All I knew about Vietnam in November of 1968 was that it was a place where lots of young men were getting killed, and my cousin Tommy was there.
He’s my mom’s cousin, technically, but since she was an only child, her aunts and uncles became my aunts and uncles and her cousins became my cousins. Mary Rose was my favorite among those aunts, and her son Tommy was like the cool older brother I never had.
Heaviness hung over that Thanksgiving. My mom’s side of the family gathered in a big clubhouse at a condo complex. There were TVs and a pool table and a gigantic kitchen. Though games were on and eight-ball played and a typical feast set out, the most powerful presence was the one who was absent. Mary Rose played a part many soldiers’ mothers did in the Sixties: She never let it show.
Until just before dinner, when she was given the large gift-wrapped packaged. Peeling off the paper revealed a framed photo of Tommy somewhere in Southeast Asia, in fatigues and dog tags, holding a little Vietnamese girl on his knee; trusting love in her eyes and confident caring in his.
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“Oh, Tommy,” his mother cried, clutching the photo to her chest. I hadn’t known tears could stream at once out of both pain and pride.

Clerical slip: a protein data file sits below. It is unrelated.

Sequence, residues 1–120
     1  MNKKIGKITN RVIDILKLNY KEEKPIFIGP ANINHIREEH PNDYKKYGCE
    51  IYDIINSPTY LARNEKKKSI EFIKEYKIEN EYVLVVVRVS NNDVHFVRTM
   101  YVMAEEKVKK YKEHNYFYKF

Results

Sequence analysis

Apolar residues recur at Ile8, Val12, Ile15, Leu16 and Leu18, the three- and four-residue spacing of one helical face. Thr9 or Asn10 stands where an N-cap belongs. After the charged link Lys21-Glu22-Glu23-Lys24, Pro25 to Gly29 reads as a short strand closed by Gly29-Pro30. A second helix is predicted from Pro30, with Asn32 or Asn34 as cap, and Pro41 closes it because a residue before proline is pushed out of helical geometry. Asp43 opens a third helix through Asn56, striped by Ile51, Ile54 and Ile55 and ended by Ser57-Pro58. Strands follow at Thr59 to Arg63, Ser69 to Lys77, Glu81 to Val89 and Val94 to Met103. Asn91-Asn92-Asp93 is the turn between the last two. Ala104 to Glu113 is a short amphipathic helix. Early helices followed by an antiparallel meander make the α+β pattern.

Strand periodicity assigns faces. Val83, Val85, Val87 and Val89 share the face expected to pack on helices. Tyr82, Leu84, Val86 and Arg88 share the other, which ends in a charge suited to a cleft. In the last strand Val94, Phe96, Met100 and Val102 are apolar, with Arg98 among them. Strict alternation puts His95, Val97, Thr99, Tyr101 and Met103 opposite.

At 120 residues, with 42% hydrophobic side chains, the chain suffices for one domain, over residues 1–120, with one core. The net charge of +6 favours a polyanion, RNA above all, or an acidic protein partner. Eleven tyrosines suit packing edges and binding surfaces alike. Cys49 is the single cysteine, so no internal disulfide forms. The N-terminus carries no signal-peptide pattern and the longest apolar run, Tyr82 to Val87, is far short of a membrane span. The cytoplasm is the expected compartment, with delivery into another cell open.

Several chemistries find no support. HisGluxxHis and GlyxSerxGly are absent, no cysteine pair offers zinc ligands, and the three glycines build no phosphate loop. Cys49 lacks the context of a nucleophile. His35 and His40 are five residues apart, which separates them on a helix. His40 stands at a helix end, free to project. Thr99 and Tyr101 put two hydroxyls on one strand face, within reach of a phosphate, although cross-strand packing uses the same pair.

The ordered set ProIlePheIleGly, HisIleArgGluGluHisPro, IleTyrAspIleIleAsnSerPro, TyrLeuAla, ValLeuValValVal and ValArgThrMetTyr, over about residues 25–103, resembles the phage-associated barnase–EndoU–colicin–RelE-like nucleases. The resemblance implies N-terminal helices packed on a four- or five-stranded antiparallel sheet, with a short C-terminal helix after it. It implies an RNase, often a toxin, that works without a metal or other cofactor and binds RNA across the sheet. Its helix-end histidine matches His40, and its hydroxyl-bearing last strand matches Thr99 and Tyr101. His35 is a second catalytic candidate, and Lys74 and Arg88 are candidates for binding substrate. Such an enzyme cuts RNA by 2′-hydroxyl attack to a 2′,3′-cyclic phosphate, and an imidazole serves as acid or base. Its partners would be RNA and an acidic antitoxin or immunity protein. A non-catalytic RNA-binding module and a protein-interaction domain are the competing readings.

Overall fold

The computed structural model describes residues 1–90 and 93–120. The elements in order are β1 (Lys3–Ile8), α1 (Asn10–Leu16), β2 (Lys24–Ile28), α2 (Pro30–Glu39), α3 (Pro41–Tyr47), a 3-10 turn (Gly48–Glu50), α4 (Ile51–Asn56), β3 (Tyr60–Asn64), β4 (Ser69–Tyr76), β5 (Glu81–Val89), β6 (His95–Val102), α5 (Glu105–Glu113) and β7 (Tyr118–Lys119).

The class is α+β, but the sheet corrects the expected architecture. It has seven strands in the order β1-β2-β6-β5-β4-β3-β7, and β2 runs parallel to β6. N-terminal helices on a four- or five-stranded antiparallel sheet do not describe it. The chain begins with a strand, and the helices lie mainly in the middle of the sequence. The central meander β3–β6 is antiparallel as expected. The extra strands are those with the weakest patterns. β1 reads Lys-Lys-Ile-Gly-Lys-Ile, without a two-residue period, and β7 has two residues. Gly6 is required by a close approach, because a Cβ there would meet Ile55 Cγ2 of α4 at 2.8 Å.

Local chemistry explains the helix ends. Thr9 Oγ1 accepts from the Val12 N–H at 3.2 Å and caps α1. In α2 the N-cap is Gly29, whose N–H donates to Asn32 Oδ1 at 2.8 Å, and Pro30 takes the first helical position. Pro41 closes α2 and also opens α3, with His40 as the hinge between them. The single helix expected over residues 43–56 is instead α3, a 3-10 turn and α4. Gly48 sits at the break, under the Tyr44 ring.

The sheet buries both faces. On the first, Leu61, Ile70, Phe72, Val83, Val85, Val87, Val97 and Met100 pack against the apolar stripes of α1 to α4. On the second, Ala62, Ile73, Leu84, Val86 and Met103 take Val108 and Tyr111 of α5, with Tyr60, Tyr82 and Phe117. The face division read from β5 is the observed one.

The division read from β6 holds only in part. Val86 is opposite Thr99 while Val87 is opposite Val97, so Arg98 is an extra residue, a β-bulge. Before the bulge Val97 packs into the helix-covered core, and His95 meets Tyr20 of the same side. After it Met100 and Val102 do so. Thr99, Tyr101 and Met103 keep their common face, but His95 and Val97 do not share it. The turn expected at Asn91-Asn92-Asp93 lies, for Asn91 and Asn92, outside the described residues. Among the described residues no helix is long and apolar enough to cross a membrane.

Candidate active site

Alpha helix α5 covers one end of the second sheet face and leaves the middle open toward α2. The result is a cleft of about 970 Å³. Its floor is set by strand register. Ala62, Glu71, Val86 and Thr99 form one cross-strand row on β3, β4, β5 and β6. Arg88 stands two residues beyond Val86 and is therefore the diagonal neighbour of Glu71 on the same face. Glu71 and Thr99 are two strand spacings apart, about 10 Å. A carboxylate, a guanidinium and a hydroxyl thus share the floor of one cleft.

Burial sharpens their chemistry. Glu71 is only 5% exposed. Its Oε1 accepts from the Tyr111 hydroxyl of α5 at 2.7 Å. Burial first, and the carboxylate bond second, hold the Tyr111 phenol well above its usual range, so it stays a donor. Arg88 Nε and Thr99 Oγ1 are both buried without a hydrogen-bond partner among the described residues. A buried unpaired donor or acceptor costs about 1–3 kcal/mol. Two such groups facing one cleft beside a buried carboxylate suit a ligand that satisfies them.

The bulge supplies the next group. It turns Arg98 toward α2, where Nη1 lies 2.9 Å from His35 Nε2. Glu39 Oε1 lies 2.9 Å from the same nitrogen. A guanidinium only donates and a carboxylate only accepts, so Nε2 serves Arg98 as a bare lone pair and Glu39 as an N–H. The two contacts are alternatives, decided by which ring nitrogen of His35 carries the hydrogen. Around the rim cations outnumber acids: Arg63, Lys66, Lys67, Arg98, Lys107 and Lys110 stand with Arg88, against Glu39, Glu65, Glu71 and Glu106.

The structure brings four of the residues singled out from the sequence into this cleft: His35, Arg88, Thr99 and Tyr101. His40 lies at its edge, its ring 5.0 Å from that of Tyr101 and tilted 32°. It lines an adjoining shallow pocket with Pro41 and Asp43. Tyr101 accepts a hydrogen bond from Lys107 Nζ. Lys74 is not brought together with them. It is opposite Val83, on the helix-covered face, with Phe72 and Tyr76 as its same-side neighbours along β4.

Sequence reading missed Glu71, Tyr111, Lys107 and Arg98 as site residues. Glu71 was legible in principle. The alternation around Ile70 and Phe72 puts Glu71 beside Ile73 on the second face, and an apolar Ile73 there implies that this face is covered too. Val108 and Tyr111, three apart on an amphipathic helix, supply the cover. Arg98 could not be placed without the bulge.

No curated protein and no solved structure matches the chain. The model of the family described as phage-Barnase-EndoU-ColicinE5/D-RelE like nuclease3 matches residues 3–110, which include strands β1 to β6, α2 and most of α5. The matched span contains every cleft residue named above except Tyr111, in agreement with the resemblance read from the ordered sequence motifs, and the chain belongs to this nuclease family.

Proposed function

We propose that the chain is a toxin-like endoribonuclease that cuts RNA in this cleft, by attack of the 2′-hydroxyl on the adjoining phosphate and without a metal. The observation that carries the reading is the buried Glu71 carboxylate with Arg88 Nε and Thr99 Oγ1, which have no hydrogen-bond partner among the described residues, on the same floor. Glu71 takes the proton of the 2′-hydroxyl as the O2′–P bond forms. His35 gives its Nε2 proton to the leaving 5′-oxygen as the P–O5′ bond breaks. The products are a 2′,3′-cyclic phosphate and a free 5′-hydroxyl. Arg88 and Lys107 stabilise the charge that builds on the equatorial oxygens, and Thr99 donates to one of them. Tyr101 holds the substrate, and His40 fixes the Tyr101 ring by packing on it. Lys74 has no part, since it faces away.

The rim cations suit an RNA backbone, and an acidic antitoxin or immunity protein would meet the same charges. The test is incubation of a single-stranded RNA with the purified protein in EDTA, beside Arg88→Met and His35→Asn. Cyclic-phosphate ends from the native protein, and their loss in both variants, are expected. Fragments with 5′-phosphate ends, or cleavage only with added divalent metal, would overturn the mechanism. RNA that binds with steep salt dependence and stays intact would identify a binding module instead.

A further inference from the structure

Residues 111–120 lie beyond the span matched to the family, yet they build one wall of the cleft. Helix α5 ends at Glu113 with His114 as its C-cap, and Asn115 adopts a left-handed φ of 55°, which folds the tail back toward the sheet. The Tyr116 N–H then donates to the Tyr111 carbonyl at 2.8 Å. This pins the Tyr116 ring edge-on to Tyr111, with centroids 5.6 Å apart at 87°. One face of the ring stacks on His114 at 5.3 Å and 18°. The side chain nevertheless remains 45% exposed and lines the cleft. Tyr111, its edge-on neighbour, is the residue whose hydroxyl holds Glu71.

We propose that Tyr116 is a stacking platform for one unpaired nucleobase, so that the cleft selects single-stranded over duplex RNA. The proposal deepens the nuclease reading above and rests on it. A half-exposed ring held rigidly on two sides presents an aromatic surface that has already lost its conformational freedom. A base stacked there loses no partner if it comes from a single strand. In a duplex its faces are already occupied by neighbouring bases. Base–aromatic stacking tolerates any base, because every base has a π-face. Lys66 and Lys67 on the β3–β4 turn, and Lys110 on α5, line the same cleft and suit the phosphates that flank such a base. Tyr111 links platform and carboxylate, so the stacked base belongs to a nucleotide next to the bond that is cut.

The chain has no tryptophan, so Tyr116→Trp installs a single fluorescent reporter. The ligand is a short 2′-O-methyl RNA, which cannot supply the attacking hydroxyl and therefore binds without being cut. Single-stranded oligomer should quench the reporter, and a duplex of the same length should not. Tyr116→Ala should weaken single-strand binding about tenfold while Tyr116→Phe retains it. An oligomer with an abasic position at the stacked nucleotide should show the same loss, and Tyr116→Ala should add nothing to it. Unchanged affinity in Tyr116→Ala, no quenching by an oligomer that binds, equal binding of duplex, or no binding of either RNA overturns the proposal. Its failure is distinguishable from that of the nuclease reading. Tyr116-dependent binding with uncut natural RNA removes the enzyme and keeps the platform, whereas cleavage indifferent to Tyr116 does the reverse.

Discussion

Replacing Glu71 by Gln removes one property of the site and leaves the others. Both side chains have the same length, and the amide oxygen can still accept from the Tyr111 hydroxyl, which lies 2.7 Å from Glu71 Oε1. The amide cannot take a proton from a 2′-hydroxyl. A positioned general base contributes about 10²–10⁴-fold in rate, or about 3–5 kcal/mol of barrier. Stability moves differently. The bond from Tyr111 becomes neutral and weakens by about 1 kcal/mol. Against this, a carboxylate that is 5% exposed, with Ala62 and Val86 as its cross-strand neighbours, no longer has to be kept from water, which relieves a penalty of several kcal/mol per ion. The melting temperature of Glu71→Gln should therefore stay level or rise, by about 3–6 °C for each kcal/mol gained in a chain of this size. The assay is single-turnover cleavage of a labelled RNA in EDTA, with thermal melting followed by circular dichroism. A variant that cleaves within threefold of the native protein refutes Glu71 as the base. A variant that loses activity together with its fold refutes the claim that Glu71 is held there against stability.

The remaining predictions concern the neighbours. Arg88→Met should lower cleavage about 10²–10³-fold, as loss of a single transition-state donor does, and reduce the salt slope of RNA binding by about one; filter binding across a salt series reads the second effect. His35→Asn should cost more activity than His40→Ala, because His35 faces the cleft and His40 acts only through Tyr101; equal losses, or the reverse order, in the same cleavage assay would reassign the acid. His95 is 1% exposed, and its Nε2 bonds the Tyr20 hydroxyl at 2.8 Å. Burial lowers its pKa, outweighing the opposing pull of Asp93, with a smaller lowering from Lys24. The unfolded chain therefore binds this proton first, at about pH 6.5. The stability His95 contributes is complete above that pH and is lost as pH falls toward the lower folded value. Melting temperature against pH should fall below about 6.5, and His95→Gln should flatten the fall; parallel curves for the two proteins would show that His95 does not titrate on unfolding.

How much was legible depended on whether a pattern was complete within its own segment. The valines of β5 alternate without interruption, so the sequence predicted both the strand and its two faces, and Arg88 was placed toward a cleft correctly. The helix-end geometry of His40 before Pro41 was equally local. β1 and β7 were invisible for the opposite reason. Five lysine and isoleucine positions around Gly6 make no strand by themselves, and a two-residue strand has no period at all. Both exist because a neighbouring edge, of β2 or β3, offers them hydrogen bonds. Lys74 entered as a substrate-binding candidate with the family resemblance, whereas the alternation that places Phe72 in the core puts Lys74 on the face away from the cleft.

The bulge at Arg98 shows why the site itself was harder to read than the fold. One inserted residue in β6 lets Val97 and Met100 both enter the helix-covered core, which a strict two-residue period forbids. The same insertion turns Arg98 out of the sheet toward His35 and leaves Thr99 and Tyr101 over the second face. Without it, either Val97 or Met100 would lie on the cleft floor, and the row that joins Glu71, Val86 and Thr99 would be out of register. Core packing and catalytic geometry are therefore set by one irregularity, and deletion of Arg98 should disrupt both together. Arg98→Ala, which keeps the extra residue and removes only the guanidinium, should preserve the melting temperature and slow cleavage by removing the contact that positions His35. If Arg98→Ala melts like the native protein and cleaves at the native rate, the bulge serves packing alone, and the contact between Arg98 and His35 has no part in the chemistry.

November 25, 1982, was my third day sober. The term “treatment center” hadn’t become common, so I was in the “Chemical Dependency Unit” of a small hospital in the railroad town of Galesburg, Illinois. An alcoholic lives off denial, delusion, and disease, but by the Tuesday before that Thanksgiving I was living in the desolate desperation from which surrender is born.
I would be away from family, which now included my own young son. There was no insurance because such benefits didn’t yet exist, so I would have to commit to payments for years. My job was on the line. None of that mattered.
After years on the alcohol merry-go-round, all that mattered was not taking a drink. Yet, I knew if I did not get locked-up somewhere that morning, by afternoon that thing inside me would snap and Jack Daniels and I would be off once more like an insane rider on a mad bull.
Thanksgiving dinner was pressed turkey roll and powdered potatoes shared with others from the ward in a far corner of the cold basement commissary so visitors wouldn’t feel uneasy. I hadn’t known sobriety could taste so delicious.
Last November, my family gathered back in Illinois. On Thanksgiving we took turns having turkey plates in a comfortable cafeteria, and sitting around a hospital bed in the room where a ventilator was breathing my mom’s last breaths. At her funeral, my biggest hug was found in cousin Tommy’s arms. I hadn’t known hearts so broken could be so full of love.
Many Americans say Thanksgiving is their favorite holiday; a day of food, football, and family fun. These Thanksgivings had nothing to do with football, not much to do with food, and weren’t particularly fun. Yet they are the ones etched deepest in my consciousness. They have defined me, and shaped my family.
I treasure my dreary Thanksgivings.
Keith Larson is a regular Observer contributor. Follow him on Twitter @ClubLAMA